It's been one hundred years since a guy who had never even been to a ball game, looked up at an advertisement and began penning what would become one of the most commonly sung tunes in America today. Jack Norworth wrote the words (changed the name of the heroine in the song almost twenty years later), Albert Von Tilzer wrote the music to go with it, and the rest, as they say, is history.
Now even non baseball fans know that at Wrigley Field, since Harry Carey passed away, the Cubs have had guest conductors lead the crowds to sing the chorus of the song. Sometimes, when there are enough fans of the opposing team, it gets really tense before the seventh inning stretch. Only because the conductors normally swing the microphone to the crowd when it's time to name the team (normally "Cubbies"), only to hear the name of the other team chiming in at the same time. It gets even more interesting when the Cubs have the opposing teams' broadcasters lead the crowd. Many will just let the crowd sing the name, a few will say the name of the team he broadcasts for anyway, just to rile up the crowd (you may never hear Marty Brennaman asked to perform this task ever again...)
Now two of the best "conductors" I've ever heard lead the crowd are broadcasters of the Cubs opponents. Vin Scully of the Dodgers sang the song so beautifully, it out rivals many of the performances done by actual singers. And he even "root, root, rooted" for the Cubbies (he didn't swing the microphone to the crowd, but he went along with the traditional Wrigley Field Lyrics.
But the all-time best guest conductor has to be Bob Uecker, long time radio voice of the Milwaukee Brewers. When the Brew Crew comes to Wrigley, many Milwaukee fans make the trip down to Wrigley, and the crowd's loyalties split 50-50. Normally, when it comes time to sing the team, both "Cubbies" and "Brewers" could be heard when the microphone is aimed towards the crowd. Mr. Baseball, however, had other ideas. He sang the song, holding the microphone the whole time, and when it came to the critical lyric, he sang,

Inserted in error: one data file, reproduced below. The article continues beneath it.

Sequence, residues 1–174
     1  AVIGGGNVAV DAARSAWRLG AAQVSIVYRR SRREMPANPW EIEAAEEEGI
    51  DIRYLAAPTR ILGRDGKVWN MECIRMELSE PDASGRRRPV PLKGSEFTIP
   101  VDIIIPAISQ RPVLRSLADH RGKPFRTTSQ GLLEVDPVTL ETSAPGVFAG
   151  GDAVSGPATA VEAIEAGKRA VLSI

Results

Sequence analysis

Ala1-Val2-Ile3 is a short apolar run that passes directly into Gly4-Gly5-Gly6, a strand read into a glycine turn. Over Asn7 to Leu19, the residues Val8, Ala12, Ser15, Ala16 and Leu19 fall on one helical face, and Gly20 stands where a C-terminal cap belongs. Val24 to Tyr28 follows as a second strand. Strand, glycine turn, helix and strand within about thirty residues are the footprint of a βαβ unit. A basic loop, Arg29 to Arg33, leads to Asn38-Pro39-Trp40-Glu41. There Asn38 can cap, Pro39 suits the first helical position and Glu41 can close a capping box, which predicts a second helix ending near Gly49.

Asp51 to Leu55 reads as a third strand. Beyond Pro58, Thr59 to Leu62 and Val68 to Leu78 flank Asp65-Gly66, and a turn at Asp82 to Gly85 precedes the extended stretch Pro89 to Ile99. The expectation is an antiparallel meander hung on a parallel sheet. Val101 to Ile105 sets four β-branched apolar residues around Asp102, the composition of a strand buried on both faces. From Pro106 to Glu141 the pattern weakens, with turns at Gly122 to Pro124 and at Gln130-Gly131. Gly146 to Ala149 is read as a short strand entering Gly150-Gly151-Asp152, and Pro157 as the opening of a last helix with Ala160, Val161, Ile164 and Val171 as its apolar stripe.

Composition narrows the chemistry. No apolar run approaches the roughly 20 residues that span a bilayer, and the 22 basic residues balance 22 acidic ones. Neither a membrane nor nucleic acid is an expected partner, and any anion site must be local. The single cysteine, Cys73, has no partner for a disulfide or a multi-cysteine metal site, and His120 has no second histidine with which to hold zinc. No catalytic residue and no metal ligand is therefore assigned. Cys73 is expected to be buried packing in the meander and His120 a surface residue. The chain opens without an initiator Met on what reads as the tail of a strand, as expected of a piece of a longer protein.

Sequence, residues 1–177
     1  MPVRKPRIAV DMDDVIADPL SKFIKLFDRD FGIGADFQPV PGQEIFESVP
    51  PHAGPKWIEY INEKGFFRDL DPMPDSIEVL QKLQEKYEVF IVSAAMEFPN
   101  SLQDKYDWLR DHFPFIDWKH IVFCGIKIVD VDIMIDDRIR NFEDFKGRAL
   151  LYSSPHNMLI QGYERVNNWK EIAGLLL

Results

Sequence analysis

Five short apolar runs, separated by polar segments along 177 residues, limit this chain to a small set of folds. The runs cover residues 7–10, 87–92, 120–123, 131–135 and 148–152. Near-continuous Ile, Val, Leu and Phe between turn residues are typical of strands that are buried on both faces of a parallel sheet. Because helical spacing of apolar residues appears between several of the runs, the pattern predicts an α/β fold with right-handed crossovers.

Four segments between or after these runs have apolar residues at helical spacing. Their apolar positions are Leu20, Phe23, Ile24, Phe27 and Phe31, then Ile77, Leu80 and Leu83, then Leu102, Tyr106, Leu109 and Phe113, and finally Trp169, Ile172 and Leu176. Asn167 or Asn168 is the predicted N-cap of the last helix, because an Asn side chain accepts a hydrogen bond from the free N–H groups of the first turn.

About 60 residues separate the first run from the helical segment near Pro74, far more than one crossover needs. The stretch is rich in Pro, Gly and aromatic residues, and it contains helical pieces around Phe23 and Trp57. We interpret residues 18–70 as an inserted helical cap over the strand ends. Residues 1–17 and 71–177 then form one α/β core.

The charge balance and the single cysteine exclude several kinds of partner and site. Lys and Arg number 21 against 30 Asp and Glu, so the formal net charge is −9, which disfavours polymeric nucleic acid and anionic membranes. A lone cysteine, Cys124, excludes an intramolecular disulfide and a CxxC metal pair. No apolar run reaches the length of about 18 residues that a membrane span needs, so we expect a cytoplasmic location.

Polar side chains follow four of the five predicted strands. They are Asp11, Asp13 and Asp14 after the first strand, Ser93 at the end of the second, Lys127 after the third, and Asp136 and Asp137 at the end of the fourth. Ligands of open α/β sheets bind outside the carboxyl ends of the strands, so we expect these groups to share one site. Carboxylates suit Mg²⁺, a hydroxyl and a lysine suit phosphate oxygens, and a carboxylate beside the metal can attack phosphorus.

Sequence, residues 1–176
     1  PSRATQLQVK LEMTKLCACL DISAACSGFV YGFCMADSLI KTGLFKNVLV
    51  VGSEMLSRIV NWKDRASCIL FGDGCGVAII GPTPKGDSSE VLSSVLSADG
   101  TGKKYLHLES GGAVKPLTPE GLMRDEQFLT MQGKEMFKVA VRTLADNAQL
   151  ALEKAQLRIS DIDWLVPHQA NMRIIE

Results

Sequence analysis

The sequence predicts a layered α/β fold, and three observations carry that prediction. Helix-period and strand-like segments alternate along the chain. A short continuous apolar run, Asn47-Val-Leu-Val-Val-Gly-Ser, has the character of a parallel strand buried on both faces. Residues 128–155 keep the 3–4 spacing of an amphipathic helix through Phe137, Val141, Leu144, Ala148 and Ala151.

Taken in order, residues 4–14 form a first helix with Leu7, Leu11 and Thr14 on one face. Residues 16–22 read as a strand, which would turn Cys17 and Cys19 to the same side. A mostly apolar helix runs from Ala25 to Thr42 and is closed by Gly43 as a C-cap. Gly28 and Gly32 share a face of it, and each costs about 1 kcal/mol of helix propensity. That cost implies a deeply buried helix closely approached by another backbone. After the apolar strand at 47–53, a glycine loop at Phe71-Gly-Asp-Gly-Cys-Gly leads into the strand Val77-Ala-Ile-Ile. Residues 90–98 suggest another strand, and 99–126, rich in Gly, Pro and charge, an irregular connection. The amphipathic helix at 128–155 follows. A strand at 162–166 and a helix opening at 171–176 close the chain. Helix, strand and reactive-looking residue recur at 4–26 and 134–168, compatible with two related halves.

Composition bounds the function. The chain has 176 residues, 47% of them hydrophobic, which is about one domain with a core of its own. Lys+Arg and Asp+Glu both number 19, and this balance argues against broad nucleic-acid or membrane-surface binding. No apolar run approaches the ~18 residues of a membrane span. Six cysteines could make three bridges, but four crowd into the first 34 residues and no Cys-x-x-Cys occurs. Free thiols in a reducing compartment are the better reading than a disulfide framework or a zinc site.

He may have his loyalties with the team he works for, and he may have sung his team's name, but at least he was respectful enough to the Cub fans singing for them too, asking that Cub fans root for their team in the same fashion he was going to root for his team. Now it has been said that the crowd may have drowned him out to a chorus of boos to the point where he may not have been heard at all at Wrigley. But you could hear him clear as day on the radio, and hearing him sing that one line, showed how classy a human being Uecker is.
Topps included a insert card honoring the 100th birthday of TMOTTB. The US Postal Service commissioned a stamp for the anniversary as well. I think this is the first time these two collectibles are seen together (at least publicly on a blog, someone can prove me wrong of course). Now I just have to find a place for them.
P.S. One guest conductor I'll never forget is Jeff Foxworthy. In Chicago for one reason or another, he led the crowd to sing one afternoon. Before the stretch, he was talking with Pat and Ron on WGN radio and his first words to them were, "Thank you for having me here. And thank you very much for Greg Maddux." Took me a second to remember that he's from Atlanta. Even I had to laugh at that one. jba